What’s the Difference Between Hi-Res and Hi-Fi Audio?

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Q What is the difference between Hi-Res and Hi-Fi? Which is better in your opinion? —Mario Antonio Aburto Calderón / Costa Rica

A When talking about audio, the terms Hi-Res (high-resolution) and hi-fi basically express the same thing, though they have different definitions. According to the Consumer Electronics Association, "Hi-Res Audio" specifically refers to “lossless audio that is capable of reproducing the full range of sound from recordings that have been mastered from better-than-CD-quality music sources.” The implication here is that any audio file you download from a Hi-Res Audio site (HDtracks, Acoustic Sounds, or the Pono Music Store, for example) should sound better than the same track released on CD, downloaded from a site like iTunes or Amazon Music, or streamed from services including Spotify, Apple Music, or Rdio. That’s because high-resolution audio files have a higher sampling frequency and bit rate encoding: 96kHz/24-bit in most instances, compared with the 44.1-kHz/16-bit format used to create CDs or the source files used by streaming services.

The term hi-fi, on the other hand, has historically been used to express music recorded and played in stereo, and for the most part on vinyl LPs—a format that some, though not all, audiophiles also qualify as high-resolution. Since Hi-Res Audio downloads are generally considered to provide “analog-like” sound quality—in other words, free from any audible limitations that might be imposed by the CD format—the terms Hi-Res and hi-fi can be considered interchangeable. So, to answer your question, there is no difference between Hi-Res and hi-fi audio. I think they both sound great.

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mtymous1's picture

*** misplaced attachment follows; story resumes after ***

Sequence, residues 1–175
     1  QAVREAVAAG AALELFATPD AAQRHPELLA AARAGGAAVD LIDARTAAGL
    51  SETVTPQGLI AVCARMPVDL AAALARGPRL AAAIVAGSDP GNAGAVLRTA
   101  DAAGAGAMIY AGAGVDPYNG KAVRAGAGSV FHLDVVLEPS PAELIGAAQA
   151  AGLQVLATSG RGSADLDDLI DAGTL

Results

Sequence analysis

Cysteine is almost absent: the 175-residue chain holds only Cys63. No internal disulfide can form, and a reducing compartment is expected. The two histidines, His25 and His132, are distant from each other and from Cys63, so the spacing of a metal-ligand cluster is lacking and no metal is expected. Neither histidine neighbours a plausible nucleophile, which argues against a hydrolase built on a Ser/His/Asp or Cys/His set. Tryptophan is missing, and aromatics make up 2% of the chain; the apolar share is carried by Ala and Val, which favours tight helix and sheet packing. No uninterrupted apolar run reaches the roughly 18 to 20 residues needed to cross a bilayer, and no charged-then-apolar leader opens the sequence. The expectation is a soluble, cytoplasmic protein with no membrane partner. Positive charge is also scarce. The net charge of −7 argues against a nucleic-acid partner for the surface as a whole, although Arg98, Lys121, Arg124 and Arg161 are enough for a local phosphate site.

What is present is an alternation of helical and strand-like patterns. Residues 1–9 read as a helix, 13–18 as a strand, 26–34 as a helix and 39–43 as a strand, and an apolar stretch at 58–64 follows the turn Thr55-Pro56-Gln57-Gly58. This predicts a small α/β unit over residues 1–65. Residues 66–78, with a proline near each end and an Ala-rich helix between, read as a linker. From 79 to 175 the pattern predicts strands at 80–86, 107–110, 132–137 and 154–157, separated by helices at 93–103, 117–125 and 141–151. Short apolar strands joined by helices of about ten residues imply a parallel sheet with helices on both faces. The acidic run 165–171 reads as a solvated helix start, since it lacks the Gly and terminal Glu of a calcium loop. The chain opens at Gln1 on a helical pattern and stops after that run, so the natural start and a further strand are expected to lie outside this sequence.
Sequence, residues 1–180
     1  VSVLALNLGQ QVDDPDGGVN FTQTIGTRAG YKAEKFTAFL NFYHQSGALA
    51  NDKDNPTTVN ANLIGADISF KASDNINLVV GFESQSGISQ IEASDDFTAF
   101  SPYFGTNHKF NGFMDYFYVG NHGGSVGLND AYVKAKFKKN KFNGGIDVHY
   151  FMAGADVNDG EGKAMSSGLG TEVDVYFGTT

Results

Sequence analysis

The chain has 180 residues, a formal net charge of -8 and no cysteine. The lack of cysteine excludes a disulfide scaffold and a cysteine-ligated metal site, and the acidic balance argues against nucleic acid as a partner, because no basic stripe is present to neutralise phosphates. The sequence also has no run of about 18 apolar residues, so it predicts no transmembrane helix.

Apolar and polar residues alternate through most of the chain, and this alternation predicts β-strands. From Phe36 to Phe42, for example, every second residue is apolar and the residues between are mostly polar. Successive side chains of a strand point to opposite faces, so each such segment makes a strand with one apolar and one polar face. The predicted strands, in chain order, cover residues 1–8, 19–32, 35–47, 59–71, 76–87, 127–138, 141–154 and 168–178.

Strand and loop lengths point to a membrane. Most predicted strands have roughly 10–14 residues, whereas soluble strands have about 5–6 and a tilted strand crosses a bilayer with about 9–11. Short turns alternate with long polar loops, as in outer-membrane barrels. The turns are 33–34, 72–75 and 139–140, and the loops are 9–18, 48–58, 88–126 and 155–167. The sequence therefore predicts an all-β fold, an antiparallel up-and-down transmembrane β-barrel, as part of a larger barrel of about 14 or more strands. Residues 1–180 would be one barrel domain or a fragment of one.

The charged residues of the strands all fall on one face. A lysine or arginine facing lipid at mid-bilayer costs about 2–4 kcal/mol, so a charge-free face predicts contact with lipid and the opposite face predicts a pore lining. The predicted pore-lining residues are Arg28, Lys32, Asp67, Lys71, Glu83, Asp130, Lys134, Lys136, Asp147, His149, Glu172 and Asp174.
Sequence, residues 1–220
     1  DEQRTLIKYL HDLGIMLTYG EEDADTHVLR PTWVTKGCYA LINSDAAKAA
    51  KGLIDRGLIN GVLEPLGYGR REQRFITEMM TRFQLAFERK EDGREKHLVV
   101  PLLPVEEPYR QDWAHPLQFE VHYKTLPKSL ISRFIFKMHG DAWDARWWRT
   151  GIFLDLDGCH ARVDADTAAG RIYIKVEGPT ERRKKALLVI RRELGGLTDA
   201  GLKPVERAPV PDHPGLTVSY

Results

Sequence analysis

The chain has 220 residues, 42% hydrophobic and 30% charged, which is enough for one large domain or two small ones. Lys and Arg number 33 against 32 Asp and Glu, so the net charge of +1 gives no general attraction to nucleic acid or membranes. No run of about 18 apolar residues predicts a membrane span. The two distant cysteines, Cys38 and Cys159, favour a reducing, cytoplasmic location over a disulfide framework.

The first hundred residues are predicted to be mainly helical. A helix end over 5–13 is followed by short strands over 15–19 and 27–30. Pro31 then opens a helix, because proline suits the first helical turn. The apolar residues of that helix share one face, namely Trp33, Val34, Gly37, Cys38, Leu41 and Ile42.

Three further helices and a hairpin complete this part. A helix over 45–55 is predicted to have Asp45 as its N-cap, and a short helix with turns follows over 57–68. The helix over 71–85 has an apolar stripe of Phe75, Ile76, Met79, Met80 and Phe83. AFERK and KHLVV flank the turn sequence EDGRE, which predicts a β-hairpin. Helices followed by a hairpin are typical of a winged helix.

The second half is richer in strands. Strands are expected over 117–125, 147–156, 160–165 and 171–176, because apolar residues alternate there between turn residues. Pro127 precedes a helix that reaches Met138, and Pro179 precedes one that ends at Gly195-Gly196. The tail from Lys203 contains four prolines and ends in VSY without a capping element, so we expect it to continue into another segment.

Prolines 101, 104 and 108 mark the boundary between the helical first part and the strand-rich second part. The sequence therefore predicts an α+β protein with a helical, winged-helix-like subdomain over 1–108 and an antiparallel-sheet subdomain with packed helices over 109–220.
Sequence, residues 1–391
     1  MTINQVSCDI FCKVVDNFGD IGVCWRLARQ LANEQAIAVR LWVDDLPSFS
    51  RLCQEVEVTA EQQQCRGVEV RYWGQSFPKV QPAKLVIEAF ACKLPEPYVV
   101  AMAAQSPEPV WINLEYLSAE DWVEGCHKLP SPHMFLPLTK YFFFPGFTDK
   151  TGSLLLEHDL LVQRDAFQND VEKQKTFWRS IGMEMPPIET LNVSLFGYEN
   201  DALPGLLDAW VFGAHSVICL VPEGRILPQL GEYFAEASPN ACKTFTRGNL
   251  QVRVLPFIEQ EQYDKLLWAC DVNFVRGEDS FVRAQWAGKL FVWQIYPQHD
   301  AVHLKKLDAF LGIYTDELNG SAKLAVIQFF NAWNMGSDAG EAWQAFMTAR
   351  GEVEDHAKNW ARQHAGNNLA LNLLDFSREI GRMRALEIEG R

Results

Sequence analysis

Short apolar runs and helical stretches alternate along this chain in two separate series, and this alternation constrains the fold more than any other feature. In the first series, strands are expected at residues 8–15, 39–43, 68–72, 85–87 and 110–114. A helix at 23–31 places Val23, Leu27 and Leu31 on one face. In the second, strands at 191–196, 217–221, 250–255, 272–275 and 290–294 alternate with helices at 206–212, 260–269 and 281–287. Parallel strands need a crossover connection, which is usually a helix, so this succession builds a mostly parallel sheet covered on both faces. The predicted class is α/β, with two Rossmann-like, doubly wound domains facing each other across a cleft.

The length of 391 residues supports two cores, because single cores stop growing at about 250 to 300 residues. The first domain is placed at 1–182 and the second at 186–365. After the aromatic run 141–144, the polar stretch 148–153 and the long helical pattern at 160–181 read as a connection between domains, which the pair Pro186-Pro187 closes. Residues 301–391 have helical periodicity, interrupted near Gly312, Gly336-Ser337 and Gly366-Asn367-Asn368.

...Hi-Fi is the methodology of pure sound reproduction, whereas Hi-Res is a digital set of methods applied to achieve the pure sound reproduction.

Soundboy's picture

Apparently SACD, DVD-A, or Blu-ray Audio are not "hi-res" enough.

MatthewWeflen's picture

Hi-Fi kicks it up another three or four quads per channel. But that's technical talk. That really doesn't concern you.

badboy07's picture

Can you install the TK-421 modification?

The Chapman's picture

What is the turntable/stereo in the photo for this article? I'm pretty sure my Dad has that in his basement.

meli's picture

Since the gentleman asking the question is from Costa Rica, it is understandable to be confused how Americans use these terms. If you are old enough to have been purchasing stereo (or quad) equipment in the 1970's, you can call your stereo a "hi-fi". If you use the term "hi-fi" with anyone under 30, they will think you stuttered on the word "wi-fi".

If you download music files that are higher bandwidth and bitrate than CD's, you can call the files "hi-res".

henry97071's picture

Seems like the general opinion is that there is no difference, and that is probably true. Except! Hi-Res is trying to get something for nothing, just because you sample at a higher rate doesn't mean you get a more accurate and better end result. Nyquist showed that if you sample at twice the bandwidth of the analog signal the digital equivalent can be reconstructed with a 100% accuracy.

He was right, mathematically. Unfortunately it is impossible to create a thing called a Sinc filter (among other things) for reconstructing the original analog signal. The vinyl guys can make that argument for their technology. The Hi-Res guys are trying to get a more accurate representation by upping the sample rate, unfortunately you can't do any better than what Nyquist predicted.

The difference between CD and SACD, etc and HI-Res, is not in the sampling rate it is in the quality of the tape master, made by the guy who mixes the audio signals. Bottom line is you can get just as good listening quality from a CD, as you can get from its Hi-Res equivalent.